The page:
Property Investment in Bangkok

bangkok-living-sukhumvit-hotels-malls
Sukhumvit: the largest expat community in the city

Bangkok is a sprawling metropolis with an ever increasing number of property developments all over the city. Foreign investors interested in investing in Bangkok properties will find it highly beneficial as the return on investment is large and relatively quick. Compared to other Southeast Asian cities, the price per square metre is significantly cheaper for the majority of urban properties.

The condo and housing markets are viable options for foreign investors interested in purchasing properties in Bangkok. At both the high and low end of the cost spectrum, there are condos and houses that fit within the frameworks of any budget. It is not at all uncommon for foreigners to buy such properties and rent them out while they increase in value.

Although Thai law has strong restrictions on foreigners owning land, those with a substantial amount of capital are still able to work around the law and invest in Bangkok property. The current trend is to buy land on the outskirts of the city, where several gated communities house large homes and space is plentiful. Properties farther away from central Bangkok are also less expensive. The most common means to own a house is by proxy via a Thai spouse or nominee, although you will have little support in court if a dispute arises in this casual arrangement.

Buying a condominium in Bangkok is a more affordable and feasible route for foreign investors. Thai law permits foreigners to purchase condominium units as long as no more than 49 per cent of all the building’s units are foreign-owned. When buying and investing in properties in Bangkok, it is best to consider the area and proximity to local transportation, as these factors are indicators for price.

Sukhumvit Road is the most popular area in the Thai capital for foreign investors who wish to buy or invest here. Housing the largest expat community in the city, about 70 per cent of condos purchased by foreigners are situated in this area, known for its many international restaurants and shops. Other popular areas include Lumpini, Sathorn, Silom, and the riverside area. It is here that many multinational businesses are based and they typically supply the largest proportion of potential foreigner leases.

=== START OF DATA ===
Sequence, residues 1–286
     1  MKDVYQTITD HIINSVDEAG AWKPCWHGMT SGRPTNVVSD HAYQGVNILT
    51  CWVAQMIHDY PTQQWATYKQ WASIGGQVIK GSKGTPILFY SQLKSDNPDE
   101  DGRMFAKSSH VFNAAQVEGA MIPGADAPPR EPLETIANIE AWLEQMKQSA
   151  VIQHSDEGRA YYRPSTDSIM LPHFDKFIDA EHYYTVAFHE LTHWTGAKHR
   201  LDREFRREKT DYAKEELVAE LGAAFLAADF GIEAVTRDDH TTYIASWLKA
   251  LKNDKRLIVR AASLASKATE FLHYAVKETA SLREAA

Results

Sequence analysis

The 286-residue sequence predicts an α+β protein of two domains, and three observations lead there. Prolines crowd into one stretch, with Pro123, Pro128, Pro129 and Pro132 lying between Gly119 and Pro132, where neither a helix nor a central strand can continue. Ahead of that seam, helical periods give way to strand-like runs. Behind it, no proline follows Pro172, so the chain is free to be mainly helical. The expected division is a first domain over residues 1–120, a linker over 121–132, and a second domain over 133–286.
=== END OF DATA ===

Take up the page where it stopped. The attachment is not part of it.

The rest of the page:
A large number of international developers have targeted this sector, such as industry leaders Raimon Land, who continue to push the boundaries with world class luxury buildings, sometimes with private pools. Evidently, the city has plenty of money and there are few limits at the top end, but many more condos and apartments are offered via numerous agents in a robust market.

Thousands of new units come onto the market each year and the growth rate of the city’s property sector makes them a safe bet. Typically, a new generation of condos has been emerging in recent years, appealing to the ever increasing expat community. Wealthy Thais are joining them and there is good prospect for real estate investors in Bangkok to buy and lease out at returns of eight per cent or more.

Prices range from 3 million baht (about US$100K) for a modest condo up to 70 million (about US$2.3M) for prime penthouses with river views. The median cost is roughly 20,000 per square meter in typical expat areas. The expansion of the transport system has lead to speculation and the prospect of rapidly increasing value in certain areas.

Bet you didn’t know that! The Asian Financial Crisis of 1997 started in Thailand, caused by fiscal irresponsibility and speculation on an overcooked Bangkok property market. Later dubbed the ‘Tom Yum Goong’ crisis, it threw the country’s economy into a dramatic tailspin that looted its foreign reserves and saw the baht’s value plummet 40 per cent in three months. Even many years later, abandoned shells of skyscrapers dot the skyline and some local observers say it’s only a matter of time before it all happens again!

Suburban Bangkok properties are typified by the ubiquitous housing estates (moobaans) that are favoured by the emerging middle class. Long stay expats have also migrated far out to these oases of calm. Some buy as investments and rent them to Thai and foreigners alike, but ownership has to remain in a Thai name. The downside of these, however, is the commute through Bangkok’s congested traffic, although this applies to nearly all property investment in the Thai capital.

Assistance from Property Report – Asia’s leading real estate magazine.

Further reading…